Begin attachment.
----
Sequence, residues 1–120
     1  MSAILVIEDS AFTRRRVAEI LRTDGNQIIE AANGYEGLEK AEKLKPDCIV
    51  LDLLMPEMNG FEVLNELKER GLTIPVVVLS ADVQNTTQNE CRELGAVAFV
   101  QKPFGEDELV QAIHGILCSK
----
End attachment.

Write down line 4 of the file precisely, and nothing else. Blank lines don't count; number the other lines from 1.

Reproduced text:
   101  QKPFGEDELV QAIHGILCSK